What YOU should do:
- Know your child's whereabouts at all times.
- At a very early age, teach your child their name, address and telephone number and your first and last name.
- Teach them how to call 9-1-1 for help. When using the telephone for these lessons, make sure the call to 9-1-1 doesn't actually connect.
- Make sure children know how to make local and long distance telephone calls.
- Never leave children alone in a car, not even for a few seconds.
- Establish strict procedures for picking up children at school, after movies, at friends' homes, etc.
- Establish a family code word that only you, your child and a trusted relative or friend knows. Teach your child to ask for the code word when approached by someone offering them a ride.
- Remind your children to never accept a ride from someone you don't know, even if the child knows them.
- Talk to your children about child abduction in a simple, non-threatening way.
- Listen to your child when he or she discusses anyone they have met or spoken with when you weren't around.
- Have photographs taken of your children at least four times a year (especially for preschoolers). Make note of birthmarks or other distinguishing features.
- Have your child fingerprinted and store the prints in a safe, easily accessible place in your home.
Teach your children to:
- never leave home without your permission. Very small children should play only in areas away from the street, such as a backyard, or in a play area supervised by a responsible adult.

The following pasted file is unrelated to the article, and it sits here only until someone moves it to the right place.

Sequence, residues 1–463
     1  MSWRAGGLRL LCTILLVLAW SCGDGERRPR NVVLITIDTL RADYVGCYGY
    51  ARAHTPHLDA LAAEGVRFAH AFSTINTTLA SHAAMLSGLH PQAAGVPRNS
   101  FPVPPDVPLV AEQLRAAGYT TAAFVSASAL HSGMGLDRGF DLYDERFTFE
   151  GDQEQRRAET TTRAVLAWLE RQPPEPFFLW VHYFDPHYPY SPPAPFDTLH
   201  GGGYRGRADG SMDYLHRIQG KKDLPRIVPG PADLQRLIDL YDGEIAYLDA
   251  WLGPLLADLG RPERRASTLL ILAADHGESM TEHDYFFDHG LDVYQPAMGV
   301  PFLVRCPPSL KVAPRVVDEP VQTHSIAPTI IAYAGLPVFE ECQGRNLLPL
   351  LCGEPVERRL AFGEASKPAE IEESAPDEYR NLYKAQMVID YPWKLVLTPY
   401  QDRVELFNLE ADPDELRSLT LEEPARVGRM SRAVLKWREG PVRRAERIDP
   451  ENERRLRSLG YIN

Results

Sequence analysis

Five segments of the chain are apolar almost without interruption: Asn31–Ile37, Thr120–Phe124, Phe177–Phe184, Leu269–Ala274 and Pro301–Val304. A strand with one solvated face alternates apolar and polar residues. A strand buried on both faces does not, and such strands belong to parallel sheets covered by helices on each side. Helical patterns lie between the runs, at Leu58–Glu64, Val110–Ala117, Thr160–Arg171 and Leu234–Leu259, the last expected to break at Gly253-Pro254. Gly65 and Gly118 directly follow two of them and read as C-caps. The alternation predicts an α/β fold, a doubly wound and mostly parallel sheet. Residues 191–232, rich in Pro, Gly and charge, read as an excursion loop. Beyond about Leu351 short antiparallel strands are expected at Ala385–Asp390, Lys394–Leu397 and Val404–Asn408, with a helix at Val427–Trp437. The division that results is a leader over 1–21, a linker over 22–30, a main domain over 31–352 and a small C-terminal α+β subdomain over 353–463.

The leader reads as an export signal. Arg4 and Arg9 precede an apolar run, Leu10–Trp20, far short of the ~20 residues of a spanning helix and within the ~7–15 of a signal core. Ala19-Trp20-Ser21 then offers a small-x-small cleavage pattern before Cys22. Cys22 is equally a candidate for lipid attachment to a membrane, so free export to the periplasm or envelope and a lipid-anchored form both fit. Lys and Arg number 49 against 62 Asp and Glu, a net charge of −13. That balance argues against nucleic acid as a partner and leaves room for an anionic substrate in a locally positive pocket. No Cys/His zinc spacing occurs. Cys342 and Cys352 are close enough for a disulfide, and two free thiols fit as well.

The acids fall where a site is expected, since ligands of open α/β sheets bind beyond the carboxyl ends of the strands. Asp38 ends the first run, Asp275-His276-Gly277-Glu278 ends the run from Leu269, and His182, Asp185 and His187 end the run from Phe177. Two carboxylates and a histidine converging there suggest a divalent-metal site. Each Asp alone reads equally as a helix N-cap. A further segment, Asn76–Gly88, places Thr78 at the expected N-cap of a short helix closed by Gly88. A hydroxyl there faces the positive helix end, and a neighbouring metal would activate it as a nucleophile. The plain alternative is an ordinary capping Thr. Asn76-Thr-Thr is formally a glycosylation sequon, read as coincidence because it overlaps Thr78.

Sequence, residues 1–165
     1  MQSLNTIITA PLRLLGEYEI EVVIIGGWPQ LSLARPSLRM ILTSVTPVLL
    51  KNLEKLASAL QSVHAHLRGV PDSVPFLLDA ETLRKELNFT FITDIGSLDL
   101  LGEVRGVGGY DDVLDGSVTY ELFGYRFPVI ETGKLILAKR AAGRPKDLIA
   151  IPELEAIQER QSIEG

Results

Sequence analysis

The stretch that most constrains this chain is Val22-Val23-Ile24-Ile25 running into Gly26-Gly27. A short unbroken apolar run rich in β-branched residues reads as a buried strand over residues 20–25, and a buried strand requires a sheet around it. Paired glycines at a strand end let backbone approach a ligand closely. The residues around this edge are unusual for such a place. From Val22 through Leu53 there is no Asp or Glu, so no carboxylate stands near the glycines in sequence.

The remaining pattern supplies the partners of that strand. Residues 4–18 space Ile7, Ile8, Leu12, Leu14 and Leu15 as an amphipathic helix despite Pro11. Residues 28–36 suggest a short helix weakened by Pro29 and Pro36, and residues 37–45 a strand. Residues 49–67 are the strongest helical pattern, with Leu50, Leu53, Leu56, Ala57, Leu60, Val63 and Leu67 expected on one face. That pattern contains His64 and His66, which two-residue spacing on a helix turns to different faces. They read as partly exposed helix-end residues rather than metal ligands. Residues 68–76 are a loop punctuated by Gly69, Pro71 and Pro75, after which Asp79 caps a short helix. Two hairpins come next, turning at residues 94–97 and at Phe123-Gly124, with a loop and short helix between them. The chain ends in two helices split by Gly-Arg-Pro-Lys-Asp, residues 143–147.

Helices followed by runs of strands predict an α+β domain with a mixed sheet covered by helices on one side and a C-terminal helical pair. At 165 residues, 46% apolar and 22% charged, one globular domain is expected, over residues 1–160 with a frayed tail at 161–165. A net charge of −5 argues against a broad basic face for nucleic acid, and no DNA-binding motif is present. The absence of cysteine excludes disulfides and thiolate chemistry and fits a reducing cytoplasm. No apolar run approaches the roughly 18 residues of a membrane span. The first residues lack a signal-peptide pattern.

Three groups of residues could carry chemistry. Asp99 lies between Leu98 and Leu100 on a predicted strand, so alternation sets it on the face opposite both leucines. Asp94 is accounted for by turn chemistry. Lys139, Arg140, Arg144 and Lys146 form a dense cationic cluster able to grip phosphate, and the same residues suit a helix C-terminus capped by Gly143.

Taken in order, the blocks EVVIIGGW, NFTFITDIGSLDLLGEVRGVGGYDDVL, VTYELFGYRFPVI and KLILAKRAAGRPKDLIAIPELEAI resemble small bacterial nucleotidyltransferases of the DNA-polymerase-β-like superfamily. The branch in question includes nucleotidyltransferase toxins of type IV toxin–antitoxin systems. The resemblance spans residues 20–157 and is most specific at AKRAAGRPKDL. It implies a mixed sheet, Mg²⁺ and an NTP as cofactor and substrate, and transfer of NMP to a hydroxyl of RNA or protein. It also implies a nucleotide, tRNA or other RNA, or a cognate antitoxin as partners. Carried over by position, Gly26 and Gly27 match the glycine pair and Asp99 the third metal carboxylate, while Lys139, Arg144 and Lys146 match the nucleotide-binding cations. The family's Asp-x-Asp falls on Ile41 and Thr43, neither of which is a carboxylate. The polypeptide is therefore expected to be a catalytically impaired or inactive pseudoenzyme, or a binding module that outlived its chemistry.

- never wander off, to avoid lonely places, and to avoid shortcuts through alleys or deserted areas. They are safer walking or playing with friends.
- come straight home from school unless you have made other arrangements.
- never enter anyone's home without your approval.
- scream, run away and tell you or a trusted adult if anyone attempts to touch or grab them, of if a stranger offers them a ride.
- never give any information over the telephone including their name and address, or indicate they are alone.
- keep doors locked and admit only authorized people into the house.
Rules for baby-sitters:
- Leave a number where you, a neighbor or relative can be reached in the event of an emergency. In addition, if you have a cell phone, give the sitter that number and carry your phone with you while you're out. Make sure the battery is fully charged before you leave.
- Never allow the sitter to admit strangers into your home. The best rule: no company allowed.
- Instruct the sitter that phone use is for emergencies only, not for chatting with friends.
- Leave the number for your local law enforcement agency and tell the sitter to call immediately if there are any signs of suspicious activity or unusual noises